This has always been my favorite time of year. When I was a child I loved the gifts, now as an adult who understands the real meaning of Christmas I truly love helping others. I love baking cookies for people, giving gifts, but my favorite is helping those in need. The feeling is something that I cannot describe, and I want to pass that along to my children. As a parent I’m always open-minded when it comes to creative parenting. I want to help my children see the other side of things, without being too pushy. I want them to understand there is more to Christmas than recieving gifts. Which is why I am happy to introduce CWIST – Creative Parenting With A Twist that’s fun for kids.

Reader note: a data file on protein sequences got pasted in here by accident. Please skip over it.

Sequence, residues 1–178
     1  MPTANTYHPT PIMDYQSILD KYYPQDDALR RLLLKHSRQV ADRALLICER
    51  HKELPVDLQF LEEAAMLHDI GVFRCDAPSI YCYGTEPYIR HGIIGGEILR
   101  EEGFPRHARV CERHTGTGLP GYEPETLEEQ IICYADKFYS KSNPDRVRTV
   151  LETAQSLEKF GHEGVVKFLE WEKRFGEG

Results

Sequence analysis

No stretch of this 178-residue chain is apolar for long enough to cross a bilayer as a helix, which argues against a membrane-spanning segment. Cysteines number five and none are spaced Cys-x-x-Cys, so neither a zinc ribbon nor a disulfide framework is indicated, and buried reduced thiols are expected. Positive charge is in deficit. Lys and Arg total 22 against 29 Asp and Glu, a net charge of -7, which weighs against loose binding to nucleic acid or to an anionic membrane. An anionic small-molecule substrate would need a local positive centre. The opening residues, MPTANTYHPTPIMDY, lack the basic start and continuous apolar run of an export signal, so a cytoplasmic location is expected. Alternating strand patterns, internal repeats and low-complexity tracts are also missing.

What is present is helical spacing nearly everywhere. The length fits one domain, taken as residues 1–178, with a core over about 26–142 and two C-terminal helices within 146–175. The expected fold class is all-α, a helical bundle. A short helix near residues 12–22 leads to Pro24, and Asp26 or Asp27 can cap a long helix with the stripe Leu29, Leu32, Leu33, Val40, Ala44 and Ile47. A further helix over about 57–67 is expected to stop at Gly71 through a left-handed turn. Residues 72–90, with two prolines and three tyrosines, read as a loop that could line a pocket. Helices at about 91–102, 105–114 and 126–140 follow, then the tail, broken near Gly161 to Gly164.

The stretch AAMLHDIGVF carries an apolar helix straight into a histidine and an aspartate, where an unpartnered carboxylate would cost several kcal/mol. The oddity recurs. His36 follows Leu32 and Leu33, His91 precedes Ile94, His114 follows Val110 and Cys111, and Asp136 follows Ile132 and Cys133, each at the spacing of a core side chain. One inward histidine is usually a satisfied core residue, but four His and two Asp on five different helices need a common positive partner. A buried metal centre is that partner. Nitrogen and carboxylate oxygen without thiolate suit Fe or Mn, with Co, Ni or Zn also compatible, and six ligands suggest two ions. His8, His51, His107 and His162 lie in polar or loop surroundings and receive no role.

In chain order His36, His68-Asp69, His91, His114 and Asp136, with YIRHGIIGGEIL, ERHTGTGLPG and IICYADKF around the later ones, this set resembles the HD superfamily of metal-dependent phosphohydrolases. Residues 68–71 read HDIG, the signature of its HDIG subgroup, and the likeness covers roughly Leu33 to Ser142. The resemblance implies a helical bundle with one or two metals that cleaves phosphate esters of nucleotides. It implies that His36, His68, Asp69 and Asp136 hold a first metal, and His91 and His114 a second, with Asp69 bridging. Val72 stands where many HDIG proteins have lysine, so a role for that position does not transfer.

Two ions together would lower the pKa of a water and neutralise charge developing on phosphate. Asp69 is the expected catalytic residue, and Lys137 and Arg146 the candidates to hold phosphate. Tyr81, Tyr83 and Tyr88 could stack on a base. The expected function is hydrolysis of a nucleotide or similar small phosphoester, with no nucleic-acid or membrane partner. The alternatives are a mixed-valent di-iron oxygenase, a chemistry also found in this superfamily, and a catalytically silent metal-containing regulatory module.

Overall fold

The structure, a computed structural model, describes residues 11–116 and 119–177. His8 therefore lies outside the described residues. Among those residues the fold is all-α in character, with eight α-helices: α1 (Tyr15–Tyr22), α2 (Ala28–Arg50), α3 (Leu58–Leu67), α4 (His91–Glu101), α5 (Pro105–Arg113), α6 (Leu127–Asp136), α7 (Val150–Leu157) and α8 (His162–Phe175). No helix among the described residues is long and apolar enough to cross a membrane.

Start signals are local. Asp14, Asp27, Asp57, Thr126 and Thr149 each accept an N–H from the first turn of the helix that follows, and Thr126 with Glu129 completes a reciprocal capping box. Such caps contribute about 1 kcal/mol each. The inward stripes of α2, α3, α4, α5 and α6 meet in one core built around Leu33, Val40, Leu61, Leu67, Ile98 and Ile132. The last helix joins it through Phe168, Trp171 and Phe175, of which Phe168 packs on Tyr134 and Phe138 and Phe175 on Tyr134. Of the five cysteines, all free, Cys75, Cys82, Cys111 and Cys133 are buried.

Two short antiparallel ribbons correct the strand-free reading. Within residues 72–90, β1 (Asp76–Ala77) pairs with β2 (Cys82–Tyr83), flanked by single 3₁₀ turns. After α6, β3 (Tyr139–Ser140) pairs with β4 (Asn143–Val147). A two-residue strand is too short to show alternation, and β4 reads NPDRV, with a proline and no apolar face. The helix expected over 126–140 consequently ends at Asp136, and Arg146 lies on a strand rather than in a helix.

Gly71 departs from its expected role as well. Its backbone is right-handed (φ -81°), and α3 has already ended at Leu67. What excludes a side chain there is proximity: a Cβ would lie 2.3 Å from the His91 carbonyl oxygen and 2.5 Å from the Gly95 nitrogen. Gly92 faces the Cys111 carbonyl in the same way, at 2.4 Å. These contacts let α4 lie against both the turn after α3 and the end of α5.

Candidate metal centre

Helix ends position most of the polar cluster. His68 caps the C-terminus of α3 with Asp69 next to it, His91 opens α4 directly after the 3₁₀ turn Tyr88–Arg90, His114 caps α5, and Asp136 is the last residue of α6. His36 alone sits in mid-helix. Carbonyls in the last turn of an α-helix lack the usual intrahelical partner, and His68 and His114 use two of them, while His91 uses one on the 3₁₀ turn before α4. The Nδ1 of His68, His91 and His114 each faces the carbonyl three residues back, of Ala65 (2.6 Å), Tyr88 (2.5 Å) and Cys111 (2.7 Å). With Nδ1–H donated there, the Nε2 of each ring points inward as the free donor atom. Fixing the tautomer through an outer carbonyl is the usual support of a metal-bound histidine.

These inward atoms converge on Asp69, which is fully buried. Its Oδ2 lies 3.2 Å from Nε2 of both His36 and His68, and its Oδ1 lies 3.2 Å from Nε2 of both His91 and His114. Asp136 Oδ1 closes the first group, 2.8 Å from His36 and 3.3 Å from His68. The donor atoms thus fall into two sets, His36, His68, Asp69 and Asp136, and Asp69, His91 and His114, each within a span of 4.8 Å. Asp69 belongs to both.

CWIST is a new program, filled with cwists, which are challenges designed to educate, and inspire children while having fun, and learning how to make a healthy connect between the things they want, and what it takes to get them. Parents will find a large interactive library filled with unique challenges, from areas like community service, creativity, sports, family life, learning, PBS Kids, physical activates, and more. It’s also a great way for parents to see what things their children are wishing for, and reward them with it after they have earned it. Cwist has several great partner companies like Edmund Scientific, Imagine Toys, and several more. Not to worry if cwist doesn’t have what your child wishes for, they can enter their own unique reward. It’s a great way to motivate kids to learn work ethic, delayed gratification, and help build self-confidence.